Ellis (U.S. Pat. No. 2,641,971) discloses a paper stock pulper which operates as a blender-type apparatus inside a screen having three lobes (best seen in FIGS. 3 and 4) therein to redirect the paper stock back to the impellor. The description of this apparatus is best seen at column 3, lines 6-22.

Ward (U.S. Pat. No. 2,822,846) discloses a leaf grinder for grinding leaves for mulching and having a set of horizontally rotatable blades 47, 49, and 51 operating inside a cylindrical screen 35. The screen is of fixed size, as in the previous reference, and predetermines the size of particles to pass through the screen.

Heger (U.S. Pat. No. 3,386,670) discloses a grinding apparatus for milling of ceral grains wherein the comminuting blade rotates in a horizontal plane at a high speed and is surrounded by a sieve structure. The fineness of the meal obtained from this device is varied by providing the sieve structures interchangeably within the housing. Note also that the blade operates at the lower end of a feed column which, in turn, is surrounded by the screen structure.

It would, therefore, be a significant advancement in the art to provide a novel apparatus and method for comminuting a granular material to a predetermined degree of fineness in the absence of a net production of byproduct air and with a corresponding reduction in dust and noise. It would also be an advancement in the art to provide a novel comminution apparatus and method for comminuting a granular feed with a rotating cutter mechanism operating inside a screen enclosure wherein the size of the screen openings are selectively adjustable to readily produce a comminuted product having a predetermined size range. Such a novel apparatus and method is disclosed and claimed herein.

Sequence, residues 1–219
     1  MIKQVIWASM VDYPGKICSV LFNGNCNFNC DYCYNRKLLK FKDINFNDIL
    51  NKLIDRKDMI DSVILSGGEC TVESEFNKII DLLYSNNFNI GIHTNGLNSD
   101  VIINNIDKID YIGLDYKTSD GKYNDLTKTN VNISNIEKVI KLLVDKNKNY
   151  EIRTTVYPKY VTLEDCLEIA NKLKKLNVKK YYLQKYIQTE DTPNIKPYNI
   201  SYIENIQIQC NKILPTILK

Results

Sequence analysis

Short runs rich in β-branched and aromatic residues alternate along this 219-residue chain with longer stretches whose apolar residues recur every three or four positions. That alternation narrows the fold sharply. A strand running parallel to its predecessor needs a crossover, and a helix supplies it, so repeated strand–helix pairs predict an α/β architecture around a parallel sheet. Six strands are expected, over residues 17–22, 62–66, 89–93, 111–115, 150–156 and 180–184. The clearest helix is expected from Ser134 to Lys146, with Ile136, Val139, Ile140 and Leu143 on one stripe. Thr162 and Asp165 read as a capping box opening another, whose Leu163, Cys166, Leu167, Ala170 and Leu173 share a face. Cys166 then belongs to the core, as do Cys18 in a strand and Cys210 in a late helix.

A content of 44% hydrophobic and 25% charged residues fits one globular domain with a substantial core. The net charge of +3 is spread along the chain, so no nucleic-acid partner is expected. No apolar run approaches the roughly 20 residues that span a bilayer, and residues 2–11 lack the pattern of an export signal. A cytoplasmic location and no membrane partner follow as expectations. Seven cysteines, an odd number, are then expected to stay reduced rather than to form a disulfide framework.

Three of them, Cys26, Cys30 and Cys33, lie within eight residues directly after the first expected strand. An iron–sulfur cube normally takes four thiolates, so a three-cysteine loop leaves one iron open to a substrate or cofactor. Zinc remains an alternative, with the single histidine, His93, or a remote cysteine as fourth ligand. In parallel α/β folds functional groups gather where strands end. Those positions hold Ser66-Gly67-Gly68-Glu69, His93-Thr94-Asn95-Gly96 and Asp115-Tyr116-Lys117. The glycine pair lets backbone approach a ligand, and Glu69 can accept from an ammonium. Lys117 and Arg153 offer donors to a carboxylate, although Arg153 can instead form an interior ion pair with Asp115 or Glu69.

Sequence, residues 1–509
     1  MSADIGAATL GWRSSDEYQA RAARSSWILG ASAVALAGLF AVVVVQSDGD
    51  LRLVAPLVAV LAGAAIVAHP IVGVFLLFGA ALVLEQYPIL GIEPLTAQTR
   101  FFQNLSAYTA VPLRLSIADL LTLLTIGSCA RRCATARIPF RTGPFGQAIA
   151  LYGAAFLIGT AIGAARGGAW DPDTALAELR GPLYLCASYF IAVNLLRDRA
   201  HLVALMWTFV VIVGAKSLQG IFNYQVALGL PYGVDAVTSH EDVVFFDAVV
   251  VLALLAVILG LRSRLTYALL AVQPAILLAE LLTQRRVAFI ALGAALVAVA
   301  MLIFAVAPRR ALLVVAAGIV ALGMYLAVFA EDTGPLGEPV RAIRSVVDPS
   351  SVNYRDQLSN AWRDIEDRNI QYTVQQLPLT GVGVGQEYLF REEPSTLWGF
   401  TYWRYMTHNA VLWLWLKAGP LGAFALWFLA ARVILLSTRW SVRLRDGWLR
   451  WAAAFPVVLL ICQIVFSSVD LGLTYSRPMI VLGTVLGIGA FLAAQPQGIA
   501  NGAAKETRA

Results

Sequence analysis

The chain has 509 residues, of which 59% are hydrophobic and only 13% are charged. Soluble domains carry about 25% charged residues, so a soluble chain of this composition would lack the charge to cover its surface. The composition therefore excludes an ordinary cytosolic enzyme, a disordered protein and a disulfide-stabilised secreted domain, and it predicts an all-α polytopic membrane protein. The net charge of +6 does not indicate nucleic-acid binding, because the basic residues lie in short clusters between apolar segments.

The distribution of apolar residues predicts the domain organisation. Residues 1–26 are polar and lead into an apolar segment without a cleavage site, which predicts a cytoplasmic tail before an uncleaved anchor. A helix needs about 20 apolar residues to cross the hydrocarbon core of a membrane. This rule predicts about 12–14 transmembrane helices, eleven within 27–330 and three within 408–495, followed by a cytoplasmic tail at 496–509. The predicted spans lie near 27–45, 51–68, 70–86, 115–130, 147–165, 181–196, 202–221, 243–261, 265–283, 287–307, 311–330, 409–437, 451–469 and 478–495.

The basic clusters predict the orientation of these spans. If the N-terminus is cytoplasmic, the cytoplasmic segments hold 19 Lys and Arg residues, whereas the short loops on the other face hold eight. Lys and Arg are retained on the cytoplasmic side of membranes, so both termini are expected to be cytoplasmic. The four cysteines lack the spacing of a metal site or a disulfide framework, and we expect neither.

BRIEF SUMMARY AND OBJECTS OF THE INVENTION

The present invention relates to a novel comminution apparatus and method wherein a motor-drive cutter assembly operates inside a screen-like enclosure. The screen members of the screen-like enclosure each have openings that are selectively adjustable relative to corresponding openings to thereby allow the user to selectively regulate the opening size to control the size of the resulting comminuted product. Granular feed is transported with an air stream through a conduit to the cutter assembly. An air recycle system precludes the net production of air thus reducing noise and dust. A venturi mechanism is included in the air recycle system to aid in drawing granular feed from the feed hopper through venturi action into the conduit. The screen members are designed to cooperate telescopically in close-fitting relationship with each having axially oriented slots that are adjustable relative to each other to selectively adjust the particle size passing through the screen. The inner screen is rotatably movable relative to the outer screen. A lever arm is mounted to the inner screen to permit selective adjustment of the inner screen relative to the outer screen.

It is, therefore, a primary object of this invention to provide improvements in comminution apparatus for comminuting a granular material.

Another object of this invention is to provide improvements in the method of comminuting a granular material.

Another object of this invention is to provide a novel comminution apparatus having a motor-driven cutter assembly operating inside a screened enclosure.

Another object of this invention to provide a novel, adjustable screen apparatus around the cutter assembly to thereby provide a mechanism for selectively regulating the fineness of the product passing through the screen apparatus.

Another object of this invention is to provide a novel, enclosed, air recycle stream for the comminution apparatus to thereby aid in carrying granular material to the cutter assembly while reducing dust and noise in the absence of a net production of air flow.

These and other objects and features of the present invention will become more fully apparent from the following description and appended claims taken in conjunction with the accompanying drawing.

BRIEF DESCRIPTION OF THE DRAWING

FIG. 1 is a perspective view of the comminution apparatus of this invention shown with portions broken away to illustrate internal features; and

FIG. 2 is a partial, cross sectional view taken along lines 2--2 of FIG. 1.